Oftentimes when we feel envy kick in, it’s disguising another emotion completely. Because we view it as such an ugly emotion (it’s called the green-eyed monster, after all), we will push it aside, ignoring what it’s trying to show us.
When I started digging deeper into why I was jealous of my teacher friend, I decided it was more that she was moving somewhere new and starting a new adventure. What I was feeling wasn’t really jealousy when you took away the hard edges. It was longing.
I wanted new adventure, and I wasn’t listening to the little voice that was trying to tell me, so it decided to get serious and ask for some help from the envious part of my brain, the part that was much harder to ignore.
Jealousy can hide all sorts of other emotions like sadness, anxiety and guilt. Taking some time to pay attention to what’s going on, stripping your emotions down to their core, and listening will help you become more self-aware and less envious.
3. Fake It Until You Become It
It might not seem easy, but try hard to be happy for those who are succeeding and achieving their goals. Think about how you’d want to be treated if you finally competed in a triathlon, got your master’s degree or lost 15 pounds. Find those words and use them.
It doesn’t even have to be a situation where you know the person. Sometimes when I see someone with a cute outfit, great accessories and fantastic hair walking down the street, I think I wish I could look like her.
Then I stop and realize what I’m doing and shift gears. “She’s got great style,” I’ll say to no one in particular. After a while, I found my brain would skip the jealousy and head straight to the compliment.
While it was hard to see my sister accomplishing something that I had yet to do, I didn’t want her to feel bad for it. Oftentimes people can feel ashamed of their success or experience guilt when they should feel joy.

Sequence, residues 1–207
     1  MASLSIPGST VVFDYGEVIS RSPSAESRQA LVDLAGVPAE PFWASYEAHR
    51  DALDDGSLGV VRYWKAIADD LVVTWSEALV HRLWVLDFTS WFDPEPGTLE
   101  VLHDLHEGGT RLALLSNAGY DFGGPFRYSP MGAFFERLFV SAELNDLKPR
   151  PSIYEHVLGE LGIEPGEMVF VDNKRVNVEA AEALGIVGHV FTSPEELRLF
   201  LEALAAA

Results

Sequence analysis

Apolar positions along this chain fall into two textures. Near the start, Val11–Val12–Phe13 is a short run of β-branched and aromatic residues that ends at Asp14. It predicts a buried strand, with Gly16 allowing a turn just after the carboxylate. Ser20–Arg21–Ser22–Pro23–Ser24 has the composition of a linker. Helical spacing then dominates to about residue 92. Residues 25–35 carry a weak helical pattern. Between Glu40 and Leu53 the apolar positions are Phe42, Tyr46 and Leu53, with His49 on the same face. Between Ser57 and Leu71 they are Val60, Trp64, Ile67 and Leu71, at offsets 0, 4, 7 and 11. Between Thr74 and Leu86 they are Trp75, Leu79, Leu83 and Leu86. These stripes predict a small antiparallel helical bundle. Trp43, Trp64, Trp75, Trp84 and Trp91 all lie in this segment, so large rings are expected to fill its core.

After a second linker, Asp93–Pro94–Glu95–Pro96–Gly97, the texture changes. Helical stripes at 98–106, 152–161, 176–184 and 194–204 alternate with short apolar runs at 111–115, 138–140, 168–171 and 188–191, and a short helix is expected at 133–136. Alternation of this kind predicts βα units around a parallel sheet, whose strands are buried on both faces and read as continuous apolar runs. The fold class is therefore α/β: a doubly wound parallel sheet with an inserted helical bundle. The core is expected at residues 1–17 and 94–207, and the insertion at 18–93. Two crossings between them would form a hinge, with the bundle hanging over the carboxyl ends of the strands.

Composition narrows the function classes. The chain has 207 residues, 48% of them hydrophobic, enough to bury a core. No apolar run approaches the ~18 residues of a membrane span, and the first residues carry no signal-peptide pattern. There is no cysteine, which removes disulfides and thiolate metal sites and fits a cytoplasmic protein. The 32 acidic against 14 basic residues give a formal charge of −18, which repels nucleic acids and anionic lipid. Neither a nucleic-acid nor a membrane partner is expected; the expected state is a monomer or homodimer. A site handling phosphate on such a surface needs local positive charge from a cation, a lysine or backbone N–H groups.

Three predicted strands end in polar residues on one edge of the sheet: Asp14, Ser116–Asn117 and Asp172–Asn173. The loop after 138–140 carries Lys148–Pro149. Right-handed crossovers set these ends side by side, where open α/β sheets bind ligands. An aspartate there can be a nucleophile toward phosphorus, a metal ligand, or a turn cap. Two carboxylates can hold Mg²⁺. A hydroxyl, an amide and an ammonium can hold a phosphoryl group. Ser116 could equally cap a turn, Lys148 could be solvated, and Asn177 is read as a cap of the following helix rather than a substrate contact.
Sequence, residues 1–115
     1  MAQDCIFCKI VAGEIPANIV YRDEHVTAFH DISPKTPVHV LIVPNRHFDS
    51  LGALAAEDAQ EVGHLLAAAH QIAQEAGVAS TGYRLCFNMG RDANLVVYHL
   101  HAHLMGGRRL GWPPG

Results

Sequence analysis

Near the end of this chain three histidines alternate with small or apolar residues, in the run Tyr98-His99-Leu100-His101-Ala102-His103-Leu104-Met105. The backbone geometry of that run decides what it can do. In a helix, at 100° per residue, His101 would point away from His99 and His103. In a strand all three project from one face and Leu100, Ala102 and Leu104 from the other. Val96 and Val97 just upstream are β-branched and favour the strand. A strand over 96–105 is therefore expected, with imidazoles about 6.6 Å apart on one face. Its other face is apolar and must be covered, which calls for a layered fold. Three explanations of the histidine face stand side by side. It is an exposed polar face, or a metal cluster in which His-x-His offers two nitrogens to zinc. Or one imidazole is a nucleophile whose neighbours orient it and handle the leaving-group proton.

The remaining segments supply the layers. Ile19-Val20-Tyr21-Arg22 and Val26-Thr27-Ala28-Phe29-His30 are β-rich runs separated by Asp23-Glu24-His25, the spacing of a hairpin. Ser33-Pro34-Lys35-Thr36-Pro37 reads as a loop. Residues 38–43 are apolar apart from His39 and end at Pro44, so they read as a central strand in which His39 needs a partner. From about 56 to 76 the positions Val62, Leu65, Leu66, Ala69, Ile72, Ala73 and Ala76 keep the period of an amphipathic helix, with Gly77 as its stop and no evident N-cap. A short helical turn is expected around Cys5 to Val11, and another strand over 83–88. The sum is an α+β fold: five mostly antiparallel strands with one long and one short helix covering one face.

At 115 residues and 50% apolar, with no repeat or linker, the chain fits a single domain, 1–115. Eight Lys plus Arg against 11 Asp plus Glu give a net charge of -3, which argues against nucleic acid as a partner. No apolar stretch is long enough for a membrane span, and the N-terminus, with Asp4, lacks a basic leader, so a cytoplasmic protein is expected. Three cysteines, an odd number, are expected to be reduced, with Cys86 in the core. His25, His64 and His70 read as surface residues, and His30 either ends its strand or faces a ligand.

I didn’t want to contribute to that. So I faked it a little, for her benefit and ultimately for mine.
Jealousy might make you feel ill at ease, but there’s no need to spread it. Take a deep breath, smile and think of a compliment. Find something positive, and after some time, it’ll become who you are.
4. Own Up to It
Sometimes the best thing to do is bring jealousy into the light. Sunshine often makes our feelings look less cold and dark. So why not tell someone how you’re feeling? It might be just the thing to take the edge off.
When a friend of mine started volunteering at a radio show, I felt myself coveting her position. I knew working on the radio was something I always wanted to do, but I had no idea I would be so upset by someone else realizing that dream.
Because she is a person I know wouldn’t feel guilty because of how I felt, I decided to say, “I’m not going to lie, I’m a little jealous of you right now.”